i built a battery pack myself for my d7i shared batteries my canon camcorder (7.2 v, 3700 mah). check the previous messeges for how diy battery.

enjoy ur d7i
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Old Dec 21, 2002, 5:17 PM   #17
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To all UK members, I was presently surprised to find the price of the D7I has dropped (GBP450.00), nearly half price compared to some retailers original selling prices. Maybe there is a revised model due out soon. If anyone wants to know the name of the store let me know.

The camera looks great but complicated, steep learning curve I suppose, as my last camera was a Fujifilm MX1200. Does anybody know where I can find turorials online?
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Old Dec 21, 2002, 5:55 PM   #18
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The manuals that come with the 7x cameras are good. You can download them as two PDF files (for each camera) from the Minolta web page. Check them out.

User Manuals for 7i

User Manuals for 7Hi

Other web pages that I have found useful are...

DC Experiments
This is a home grown page with lots of useful information on the DiMage 7 series cameras.

Imaging Resource
The reviews on this page are great and provide a lot of insight on how this camera works and what tweaks are useful.

A page dedicated to Minolta DiMAGE cameras. Sometimes is out of date and clumsy to use.

There are other sights with relavent information, but these are the ones I find most useful right now.

Good luck.

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Old Feb 11, 2003, 4:22 PM   #19
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Lord Athens
You have probably made your decision by now, but I thought I would put in my 2cens anyway. Perhaps it will help someone else.
I've owned Nikon camera for 35 years-all SLR's and the cameras and lens are great. However, digital is a different matter and the good digital cameras are in no way at a disadvantage over traditional camera makers like Nikon. I don't really like the Nikon digital camera, I purchased a Minolta 7i. I liked the 7, but it had a few problems according to people on the forums and that was all cleared up with the 7i. Luckly I was saving for the 7 when the 7i was announced, so I waited for the 7i.
Your other concern was the batteries. The charger than comes with the 7i isn't too good in my experience. I was getting about 50 shots with the batteries that came with the camera. I now use a charger and 1800mAh batteries by AccuPower. They give me 100 + shots that more than fills my 256M card. The charger and 4 batteries are $19 from CyberGuys. The charges charges at a higher voltage than the Sanyo that Minolta sends with the camera. In Europe they have 2000mAh batteries, but I didn't want to pay the shipping cost on 24 batteries which was the minimun I could order. I also heard that 2200 mAh batteries are or will soon be available. In short with batteries so cheap (the ones I mentioned were $7.20 for 4 batteries). And batteries getting better all the time, this shouldn't weight too heavily on your decision, especially since AA batteries are so common and readily available--not like expensive propriteriary batteries.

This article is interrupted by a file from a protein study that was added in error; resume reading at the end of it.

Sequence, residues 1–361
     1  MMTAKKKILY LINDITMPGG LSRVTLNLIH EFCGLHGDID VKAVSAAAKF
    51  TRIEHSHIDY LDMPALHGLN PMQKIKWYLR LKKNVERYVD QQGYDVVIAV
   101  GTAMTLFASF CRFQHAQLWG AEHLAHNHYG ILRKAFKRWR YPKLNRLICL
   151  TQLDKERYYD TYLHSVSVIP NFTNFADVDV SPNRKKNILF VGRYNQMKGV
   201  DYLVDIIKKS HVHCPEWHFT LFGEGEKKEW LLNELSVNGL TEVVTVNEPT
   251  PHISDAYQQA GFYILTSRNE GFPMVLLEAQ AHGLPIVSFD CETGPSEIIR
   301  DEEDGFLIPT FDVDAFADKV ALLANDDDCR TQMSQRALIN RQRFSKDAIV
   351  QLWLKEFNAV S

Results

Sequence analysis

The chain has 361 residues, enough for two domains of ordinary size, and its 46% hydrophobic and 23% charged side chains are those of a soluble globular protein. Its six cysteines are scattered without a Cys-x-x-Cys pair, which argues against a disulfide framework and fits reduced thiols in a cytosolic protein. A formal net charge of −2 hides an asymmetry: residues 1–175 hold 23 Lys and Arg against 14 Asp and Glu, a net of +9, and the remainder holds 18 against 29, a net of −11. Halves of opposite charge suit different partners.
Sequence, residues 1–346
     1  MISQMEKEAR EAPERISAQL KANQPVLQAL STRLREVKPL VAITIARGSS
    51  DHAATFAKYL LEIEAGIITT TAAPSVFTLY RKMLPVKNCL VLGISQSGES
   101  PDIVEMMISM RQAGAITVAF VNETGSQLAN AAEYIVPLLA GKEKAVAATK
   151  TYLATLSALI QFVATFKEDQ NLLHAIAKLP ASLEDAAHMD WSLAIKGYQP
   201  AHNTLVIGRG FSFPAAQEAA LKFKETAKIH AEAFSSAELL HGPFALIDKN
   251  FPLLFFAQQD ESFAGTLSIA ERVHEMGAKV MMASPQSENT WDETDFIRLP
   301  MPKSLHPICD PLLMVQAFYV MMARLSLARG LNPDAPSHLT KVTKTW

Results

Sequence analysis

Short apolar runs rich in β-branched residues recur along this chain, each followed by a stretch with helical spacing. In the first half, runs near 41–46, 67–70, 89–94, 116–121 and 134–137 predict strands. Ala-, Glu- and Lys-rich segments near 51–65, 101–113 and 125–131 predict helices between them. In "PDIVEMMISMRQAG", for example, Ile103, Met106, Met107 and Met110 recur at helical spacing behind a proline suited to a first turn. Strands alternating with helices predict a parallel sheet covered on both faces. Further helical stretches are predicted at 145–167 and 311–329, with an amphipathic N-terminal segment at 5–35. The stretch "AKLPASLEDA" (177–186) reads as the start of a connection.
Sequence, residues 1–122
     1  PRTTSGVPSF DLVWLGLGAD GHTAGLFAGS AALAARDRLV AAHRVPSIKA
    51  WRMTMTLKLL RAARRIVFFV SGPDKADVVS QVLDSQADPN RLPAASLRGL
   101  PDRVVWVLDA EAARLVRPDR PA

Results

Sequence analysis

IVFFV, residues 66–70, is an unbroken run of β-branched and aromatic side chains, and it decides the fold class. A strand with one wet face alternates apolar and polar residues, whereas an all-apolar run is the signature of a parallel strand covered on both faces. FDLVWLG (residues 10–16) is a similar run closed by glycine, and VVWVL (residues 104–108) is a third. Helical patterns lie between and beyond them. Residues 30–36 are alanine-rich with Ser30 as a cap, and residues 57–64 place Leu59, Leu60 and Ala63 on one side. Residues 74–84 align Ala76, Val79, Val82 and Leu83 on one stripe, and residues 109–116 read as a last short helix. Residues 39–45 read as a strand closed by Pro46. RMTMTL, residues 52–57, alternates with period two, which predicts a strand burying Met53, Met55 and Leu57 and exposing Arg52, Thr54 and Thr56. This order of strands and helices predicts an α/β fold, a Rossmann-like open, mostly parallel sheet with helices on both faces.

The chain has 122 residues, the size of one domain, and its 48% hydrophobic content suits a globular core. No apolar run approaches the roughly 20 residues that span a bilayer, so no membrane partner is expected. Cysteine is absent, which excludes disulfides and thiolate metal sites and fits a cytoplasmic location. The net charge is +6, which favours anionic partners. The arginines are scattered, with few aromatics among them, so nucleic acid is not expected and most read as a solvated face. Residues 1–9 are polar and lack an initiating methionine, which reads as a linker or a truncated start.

So I vote for the 7i hands down!! I too debated with the Nikon 5700. The deciding factors in my case was the 28mm lens as opposed to the 35mm, especially for travel, interiors and group shots. The AA batteries was a plus. And finally just everything I had read about the 7i including: auto focus OK and improved over the 7. Manual focus is good and easy to use. Manual zoom vs a motor zoom.
The biggest surprise was the ergonomics of the Minolta camera. Digital camera take soo getting used to, but everything just felt comfortable and every control fell exactly where my finger went to find them! Yes I had to read the book to understand everything and appreciate the many features, but everything just FEELS RIGHT
and you can't say that about all digital cameras.
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Old Feb 19, 2003, 7:47 PM   #20
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If your still looking, I agree with DigitalDan. I find no big compelling reason to spend the x-tra $400 - $500 for the 7Hi. But I don't need the sync flash and the 7i is PLENTY fast for my type of shooting. I'd spend the $ of a microdive (or a very fast CF card), a Maha charger (401) and a BUNCH of 2000 or 2100 mAH NiMH's. And if you had a few $ left over a Canon i850 printer!